At a hearing the evening of March 11, Wayne County, Mich., residents and local environmental justice advocates plan to urge the U.S. Environmental Protection Agency to hold the Michigan Department of Environmental Quality (MDEQ) accountable for curbing SO2 pollution that they said exceeds federal limits.
Under the federal Clean Air Act, MDEQ must create a plan by April 2015 to address this pollution problem in Wayne County. If MDEQ fails to establish by then a plan that will protect public health, federal law provides that EPA can and must do so.
“Childhood asthma rates in Wayne County are through the roof, and DTE coal plants are the county’s biggest source of air pollution linked to asthma. Cleaning up this dangerous air pollution is long overdue,” said Mary Anne Hitt, Director of the Beyond Coal Campaign for the Sierra Club, in a March 11 statement. “We need the federal EPA to make sure MDEQ does the right thing. The people of Wayne County deserve a strong plan to cut this dirty sulfur dioxide pollution.”
DTE Energy‘s (NYSE: DTE) DTE Electric subsidiary is responsible for at least 85% of Wayne County’s sulfur dioxide pollution, with the River Rouge and Trenton Channel coal plants being the major contributors, the environmental opponents said. Yet MDEQ’s draft permits for River Rouge and Trenton Channel require relatively little reduction in the amounts of sulfur dioxide those plants have been emitting, and MDEQ’s own analysis acknowledges that the proposed limits would be inadequate to bring Wayne County into compliance with the air quality standards, they said. A previous draft plan issued by MDEQ last summer could have, with some minor improvements, brought Wayne County into compliance, but MDEQ abandoned that plan in favor of the inadequate limits proposed here, the groups said.
“MDEQ has apparently folded to pressure from DTE and other corporate polluters,” said Shannon Fisk, managing attorney at Earthjustice, representing the Sierra Club. “If MDEQ is unwilling to take the steps needed to protect public health and comply with the law, then the U.S. EPA can and must expeditiously step in to clean up the air that residents of Detroit and downriver communities breathe.”
Notable is that the MDEQ said March 4 that it was moving this March 11 hearing over two DTE Electric permits to the River Rouge High School, from the orginally planned River Rouge City Council chambers, because it said it needed a larger venue to handle more people.
What the MDEQ is taking comment on is a preliminary decision to act on two Permit to Install (PTI) applications from DTE Electric. DTE is proposing new SO2 limits in support of the 1-hour SO2 National Ambient Air Quality Standard (NAAQS) for both the Trenton Channel and River Rouge plants.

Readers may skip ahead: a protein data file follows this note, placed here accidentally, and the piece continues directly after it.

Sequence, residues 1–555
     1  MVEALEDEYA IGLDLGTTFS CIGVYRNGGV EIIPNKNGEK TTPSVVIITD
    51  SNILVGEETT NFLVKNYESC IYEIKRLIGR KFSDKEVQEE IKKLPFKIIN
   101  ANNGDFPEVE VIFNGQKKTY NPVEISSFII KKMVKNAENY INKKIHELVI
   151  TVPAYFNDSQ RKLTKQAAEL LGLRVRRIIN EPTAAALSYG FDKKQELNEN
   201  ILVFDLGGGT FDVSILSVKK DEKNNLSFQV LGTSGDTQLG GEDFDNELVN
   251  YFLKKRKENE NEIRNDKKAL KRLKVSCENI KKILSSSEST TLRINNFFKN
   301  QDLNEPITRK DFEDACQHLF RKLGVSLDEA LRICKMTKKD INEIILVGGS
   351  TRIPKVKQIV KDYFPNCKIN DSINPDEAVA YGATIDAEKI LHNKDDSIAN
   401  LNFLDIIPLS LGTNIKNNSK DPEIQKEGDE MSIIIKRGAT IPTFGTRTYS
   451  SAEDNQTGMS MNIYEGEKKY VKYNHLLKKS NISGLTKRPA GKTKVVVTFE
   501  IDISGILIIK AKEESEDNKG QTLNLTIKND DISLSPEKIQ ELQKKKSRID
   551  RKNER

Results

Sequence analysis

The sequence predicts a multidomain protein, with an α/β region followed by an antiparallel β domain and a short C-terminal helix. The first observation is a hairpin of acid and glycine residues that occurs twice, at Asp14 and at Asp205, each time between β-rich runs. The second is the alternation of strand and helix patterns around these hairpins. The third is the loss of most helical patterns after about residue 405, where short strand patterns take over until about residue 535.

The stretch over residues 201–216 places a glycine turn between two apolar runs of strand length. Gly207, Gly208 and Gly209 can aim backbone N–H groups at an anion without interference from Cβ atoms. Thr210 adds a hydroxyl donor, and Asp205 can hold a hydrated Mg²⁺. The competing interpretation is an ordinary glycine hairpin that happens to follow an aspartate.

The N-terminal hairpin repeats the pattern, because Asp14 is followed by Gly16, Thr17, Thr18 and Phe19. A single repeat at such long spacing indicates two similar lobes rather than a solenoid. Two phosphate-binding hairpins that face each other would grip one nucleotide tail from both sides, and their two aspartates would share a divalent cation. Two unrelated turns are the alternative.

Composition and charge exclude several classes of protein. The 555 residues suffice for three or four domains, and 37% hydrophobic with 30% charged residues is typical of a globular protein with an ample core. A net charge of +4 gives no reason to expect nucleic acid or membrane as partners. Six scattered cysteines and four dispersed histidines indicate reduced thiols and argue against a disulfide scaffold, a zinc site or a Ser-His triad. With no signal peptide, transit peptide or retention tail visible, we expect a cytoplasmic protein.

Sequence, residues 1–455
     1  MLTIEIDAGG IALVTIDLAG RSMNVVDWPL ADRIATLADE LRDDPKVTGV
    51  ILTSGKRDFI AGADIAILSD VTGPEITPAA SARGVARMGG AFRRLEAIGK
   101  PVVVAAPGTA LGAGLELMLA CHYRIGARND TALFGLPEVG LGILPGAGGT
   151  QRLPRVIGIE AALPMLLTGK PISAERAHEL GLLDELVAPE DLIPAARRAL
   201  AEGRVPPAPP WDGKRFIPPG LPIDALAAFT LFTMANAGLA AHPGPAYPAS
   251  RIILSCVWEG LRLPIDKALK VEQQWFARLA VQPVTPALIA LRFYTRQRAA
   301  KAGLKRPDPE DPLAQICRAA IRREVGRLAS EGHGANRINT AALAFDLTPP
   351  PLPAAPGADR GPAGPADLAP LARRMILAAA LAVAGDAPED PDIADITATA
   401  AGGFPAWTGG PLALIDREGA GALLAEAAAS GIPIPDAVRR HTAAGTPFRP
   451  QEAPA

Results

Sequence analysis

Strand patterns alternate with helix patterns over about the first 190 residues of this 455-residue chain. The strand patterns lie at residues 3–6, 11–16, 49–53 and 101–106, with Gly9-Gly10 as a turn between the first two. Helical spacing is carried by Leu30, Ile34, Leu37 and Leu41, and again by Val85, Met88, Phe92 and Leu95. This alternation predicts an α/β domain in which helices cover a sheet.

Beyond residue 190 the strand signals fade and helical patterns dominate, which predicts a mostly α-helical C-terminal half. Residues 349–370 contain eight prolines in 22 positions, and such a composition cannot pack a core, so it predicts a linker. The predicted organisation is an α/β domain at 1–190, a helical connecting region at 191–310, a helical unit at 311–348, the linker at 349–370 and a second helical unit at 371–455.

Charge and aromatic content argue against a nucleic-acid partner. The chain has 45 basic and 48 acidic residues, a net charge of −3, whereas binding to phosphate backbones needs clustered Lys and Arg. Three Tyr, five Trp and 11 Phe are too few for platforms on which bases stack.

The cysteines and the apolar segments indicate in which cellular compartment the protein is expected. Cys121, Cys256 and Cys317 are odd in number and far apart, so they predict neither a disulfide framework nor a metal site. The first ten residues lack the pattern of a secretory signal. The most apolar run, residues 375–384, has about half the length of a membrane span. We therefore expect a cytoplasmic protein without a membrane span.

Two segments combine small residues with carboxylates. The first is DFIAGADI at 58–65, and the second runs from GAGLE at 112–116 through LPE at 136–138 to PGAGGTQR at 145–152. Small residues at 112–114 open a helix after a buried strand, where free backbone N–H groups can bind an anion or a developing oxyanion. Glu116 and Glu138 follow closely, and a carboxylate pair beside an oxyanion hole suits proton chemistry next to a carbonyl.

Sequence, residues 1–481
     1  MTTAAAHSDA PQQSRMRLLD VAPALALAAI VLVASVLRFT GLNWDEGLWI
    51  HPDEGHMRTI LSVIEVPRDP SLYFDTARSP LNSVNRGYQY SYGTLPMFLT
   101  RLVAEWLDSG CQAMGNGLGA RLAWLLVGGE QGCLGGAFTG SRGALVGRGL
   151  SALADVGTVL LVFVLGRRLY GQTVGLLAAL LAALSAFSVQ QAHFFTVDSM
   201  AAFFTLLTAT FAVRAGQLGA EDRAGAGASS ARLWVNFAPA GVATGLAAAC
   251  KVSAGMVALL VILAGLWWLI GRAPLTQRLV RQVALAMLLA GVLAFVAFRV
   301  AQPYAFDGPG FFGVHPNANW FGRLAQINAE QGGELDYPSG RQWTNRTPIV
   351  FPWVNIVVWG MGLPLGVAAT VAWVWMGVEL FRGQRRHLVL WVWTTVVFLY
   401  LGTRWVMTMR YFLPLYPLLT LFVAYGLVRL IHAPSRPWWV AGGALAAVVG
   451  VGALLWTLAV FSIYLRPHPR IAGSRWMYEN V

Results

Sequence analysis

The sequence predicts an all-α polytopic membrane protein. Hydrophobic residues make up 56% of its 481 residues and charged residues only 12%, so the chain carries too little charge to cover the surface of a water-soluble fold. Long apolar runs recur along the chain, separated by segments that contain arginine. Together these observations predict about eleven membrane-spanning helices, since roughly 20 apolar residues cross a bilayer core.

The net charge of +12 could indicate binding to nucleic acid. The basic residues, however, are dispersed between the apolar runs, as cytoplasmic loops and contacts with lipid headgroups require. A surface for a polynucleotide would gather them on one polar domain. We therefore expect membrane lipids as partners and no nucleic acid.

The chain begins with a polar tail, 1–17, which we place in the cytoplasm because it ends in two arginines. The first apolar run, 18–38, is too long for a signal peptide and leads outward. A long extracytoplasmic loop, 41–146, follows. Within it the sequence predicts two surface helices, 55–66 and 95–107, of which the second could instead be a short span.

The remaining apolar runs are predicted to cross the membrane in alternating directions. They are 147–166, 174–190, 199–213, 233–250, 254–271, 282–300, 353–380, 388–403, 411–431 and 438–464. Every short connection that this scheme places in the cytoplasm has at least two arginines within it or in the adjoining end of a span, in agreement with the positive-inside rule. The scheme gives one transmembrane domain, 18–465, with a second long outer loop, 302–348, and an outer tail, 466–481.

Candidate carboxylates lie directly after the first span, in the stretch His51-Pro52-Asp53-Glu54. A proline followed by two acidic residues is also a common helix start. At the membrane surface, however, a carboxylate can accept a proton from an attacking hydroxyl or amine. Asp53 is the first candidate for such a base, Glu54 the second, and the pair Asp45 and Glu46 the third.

- The Trenton Channel plant is located in the City of Trenton. It consists of five boilers, tangentially fired, fueled by pulverized coal, oil, and recovered paint solids. Boilers 16, 17, 18, and 19 have a combined heat input capacity of 3,023 million Btu per hour. These four boilers are on a common steam header feeding two General Electric turbine generators with a combined output of 210 MW. Boiler 9A has a rated heat input capacity of 5,836 million Btu per hour, which serves an electric generator with a nameplate capacity of 520 MW. All five boilers are equipped with electrostatic precipitators to control particulate matter emissions.
- The River Rouge plant is located in the City of River Rouge. The facility consists of two boilers fueled by pulverized coal, natural gas, blast furnace gas, coke oven gas, and recovered paint solids. The boilers have a combined heat input capacity of 4,950 million Btu per hour and each serve a turbine generator with a combined output of approximately 540 MW. Both boilers are equipped with electrostatic precipitators to control particulate emissions.
In 2013, the U.S. EPA designated a portion of Wayne County as being in nonattainment with the 1-hour SO2 standard based upon registered exceedances at an air monitor operated by the MDEQ. Both DTE facilities are located in this nonattainment area. In an effort to bring the nonattainment area into compliance with the 1-hour standard, the MDEQ is following the process outlined in the Clean Air Act. This requires the MDEQ to submit to the U.S. EPA a State Implementation Plan (SIP) within 18 months of the nonattainment designation. The SIP must include legally enforceable measures to enable the area to regain attainment of the 1-hour SO2 standard within five years. The SIP will be submitted to the U.S. EPA in April 2015.
In support of that plan, DTE has elected to establish lower, federally enforceable SO2 emission limits and use a continuous emission monitoring system (CEMS) for SO2 emissions.